Human papillomavirusRecommended for male and female < age 26 yearsSame
Hepatitis AFor selected individuals at high risk (diabetes, liver disease, injecting drug users, homosexual men, employees or residents in institutional settings)Same, test for serology after vaccination
Hepatitis BFor individuals at high risk and without evidence of disease and immunityUse high-dose vaccine, test for serology after vaccination
PneumococcalImmunization with 23-valent pneumococcal polysaccharide vaccineImmunization with 13-valent pneumococcal conjugate vaccine followed by 23-valent pneumococcal polysaccharide vaccine if not given prior
Haemophilus influenza type bUnvaccinated individuals can be vaccinatedSame
Diphtheria-tetanus-pertussisBooster is recommended every 10 years and for high-risk wounds, offer before therapySame
MeningococcalFor selected individuals at high risk (asplenia, complement deficiency, group living situation)Same
PoliomyelitisFor selected individuals at high risk (healthcare workers or laboratory personnel)Same
Live vaccines
Varicella zosterTest for serology before initiation of therapy, if negative, offer vaccinationContraindicated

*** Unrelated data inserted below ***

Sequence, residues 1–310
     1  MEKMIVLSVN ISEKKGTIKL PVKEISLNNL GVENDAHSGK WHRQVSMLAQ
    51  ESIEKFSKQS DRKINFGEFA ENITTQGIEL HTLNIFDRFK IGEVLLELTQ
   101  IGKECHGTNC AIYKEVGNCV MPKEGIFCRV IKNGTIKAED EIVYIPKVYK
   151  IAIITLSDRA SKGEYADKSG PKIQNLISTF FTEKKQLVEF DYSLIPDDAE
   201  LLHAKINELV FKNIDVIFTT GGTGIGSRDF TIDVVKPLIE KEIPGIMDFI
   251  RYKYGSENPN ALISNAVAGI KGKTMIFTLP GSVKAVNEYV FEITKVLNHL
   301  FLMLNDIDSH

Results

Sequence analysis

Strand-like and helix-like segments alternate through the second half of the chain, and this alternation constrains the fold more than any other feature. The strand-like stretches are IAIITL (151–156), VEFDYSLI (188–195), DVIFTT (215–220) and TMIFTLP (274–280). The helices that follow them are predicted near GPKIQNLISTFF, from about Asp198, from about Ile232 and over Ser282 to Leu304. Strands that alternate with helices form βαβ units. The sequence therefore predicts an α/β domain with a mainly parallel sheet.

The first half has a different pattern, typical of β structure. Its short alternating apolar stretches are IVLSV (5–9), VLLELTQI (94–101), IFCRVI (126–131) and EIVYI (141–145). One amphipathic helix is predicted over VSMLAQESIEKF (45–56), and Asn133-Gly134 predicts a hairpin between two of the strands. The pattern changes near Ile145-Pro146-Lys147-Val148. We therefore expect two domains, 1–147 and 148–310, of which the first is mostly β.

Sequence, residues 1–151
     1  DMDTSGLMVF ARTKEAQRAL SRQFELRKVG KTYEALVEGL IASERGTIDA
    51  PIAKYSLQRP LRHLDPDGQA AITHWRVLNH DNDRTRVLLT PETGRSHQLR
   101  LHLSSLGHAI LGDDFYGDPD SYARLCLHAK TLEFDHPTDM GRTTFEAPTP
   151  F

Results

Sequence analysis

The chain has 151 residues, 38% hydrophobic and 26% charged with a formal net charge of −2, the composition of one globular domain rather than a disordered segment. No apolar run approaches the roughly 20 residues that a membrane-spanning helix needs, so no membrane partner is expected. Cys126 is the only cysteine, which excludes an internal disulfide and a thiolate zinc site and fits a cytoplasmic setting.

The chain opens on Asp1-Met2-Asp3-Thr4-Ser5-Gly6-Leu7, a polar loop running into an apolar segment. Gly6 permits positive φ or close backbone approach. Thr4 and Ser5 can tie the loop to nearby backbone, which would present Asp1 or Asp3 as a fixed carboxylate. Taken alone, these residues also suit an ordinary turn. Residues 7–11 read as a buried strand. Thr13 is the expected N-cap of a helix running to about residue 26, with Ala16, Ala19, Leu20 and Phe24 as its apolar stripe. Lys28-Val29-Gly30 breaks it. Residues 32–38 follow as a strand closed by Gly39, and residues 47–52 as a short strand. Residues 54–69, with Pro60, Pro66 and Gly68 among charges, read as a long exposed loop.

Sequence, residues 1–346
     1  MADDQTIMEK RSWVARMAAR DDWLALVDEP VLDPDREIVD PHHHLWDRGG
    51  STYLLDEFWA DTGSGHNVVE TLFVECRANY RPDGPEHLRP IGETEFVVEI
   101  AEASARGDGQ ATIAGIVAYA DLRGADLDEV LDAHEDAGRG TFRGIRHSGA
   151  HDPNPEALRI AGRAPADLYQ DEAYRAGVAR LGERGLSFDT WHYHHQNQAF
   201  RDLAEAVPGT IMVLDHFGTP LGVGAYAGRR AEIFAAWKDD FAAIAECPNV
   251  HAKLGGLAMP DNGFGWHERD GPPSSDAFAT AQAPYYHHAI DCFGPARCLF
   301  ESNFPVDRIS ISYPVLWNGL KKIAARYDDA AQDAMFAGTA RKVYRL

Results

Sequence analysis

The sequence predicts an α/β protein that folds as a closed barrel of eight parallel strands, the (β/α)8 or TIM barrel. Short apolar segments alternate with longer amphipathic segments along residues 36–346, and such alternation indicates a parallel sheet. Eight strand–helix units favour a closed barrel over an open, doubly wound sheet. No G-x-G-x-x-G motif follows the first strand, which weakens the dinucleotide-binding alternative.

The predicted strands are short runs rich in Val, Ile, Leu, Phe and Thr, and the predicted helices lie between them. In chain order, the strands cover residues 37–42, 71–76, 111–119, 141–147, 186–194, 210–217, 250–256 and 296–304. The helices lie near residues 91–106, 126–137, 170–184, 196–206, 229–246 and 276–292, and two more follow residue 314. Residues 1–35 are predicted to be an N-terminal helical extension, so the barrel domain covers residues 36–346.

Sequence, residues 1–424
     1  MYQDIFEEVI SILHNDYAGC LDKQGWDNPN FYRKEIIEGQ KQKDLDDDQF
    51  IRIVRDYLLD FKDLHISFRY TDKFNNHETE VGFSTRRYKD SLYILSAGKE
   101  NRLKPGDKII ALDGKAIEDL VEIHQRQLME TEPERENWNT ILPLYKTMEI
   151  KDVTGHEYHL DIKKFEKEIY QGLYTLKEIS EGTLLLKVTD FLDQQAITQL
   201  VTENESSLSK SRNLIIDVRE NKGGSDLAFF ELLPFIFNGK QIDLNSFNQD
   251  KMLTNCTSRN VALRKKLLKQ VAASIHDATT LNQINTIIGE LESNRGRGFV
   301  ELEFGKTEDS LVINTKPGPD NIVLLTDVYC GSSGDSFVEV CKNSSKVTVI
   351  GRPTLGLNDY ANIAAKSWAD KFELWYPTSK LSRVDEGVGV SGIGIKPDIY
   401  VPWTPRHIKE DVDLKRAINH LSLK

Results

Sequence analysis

Herpes zoster1 dose for adults ≥50 yearsContraindicated
Measles-mumps-rubellaAssessment of immunization by history and serology before initiation of therapy, if negative, offer vaccinationContraindicated

Table 2.

Recommendations for vaccination of patients diagnosed with psoriasis before or on systemic immunosuppressants.

3. Triggering effect of vaccines on psoriasis

As mentioned above, basis on a genetic predisposition, various environmental factors may cause development of psoriasis in patients who are in latent period. Physical or chemical factors, infections and various types of medications are the most important among these, and they may affect the course of psoriasis by many different mechanisms [13]. Triggering vaccines on psoriasis and psoriatic arthritis are summarized below.

3.1. Koebner effect

Various types of skin trauma with subsequent development of new psoriasis lesions about 10 days later are known as ‘Koebner-phenomenon’ [29]. In a study evaluating the relation between ‘Koebner-phenomenon’ and intradermal antigens, 30 psoriasis patients and 20 control subjects were firstly determined for Koebner status and then were tested with intradermal injections of purified protein derivative, Candida, mumps, mixed respiratory vaccine and saline control solutions. Two psoriasis patients were Koebner positive and developed psoriasis at all five injection sites. Besides, in five Koebner negative patients, local psoriasis lesions were observed in at least one injection site of different antigens. These findings were interpreted that some psoriatic patients may have individually specific sensitivity to different antigens to trigger the cellular immune response in psoriasis [30].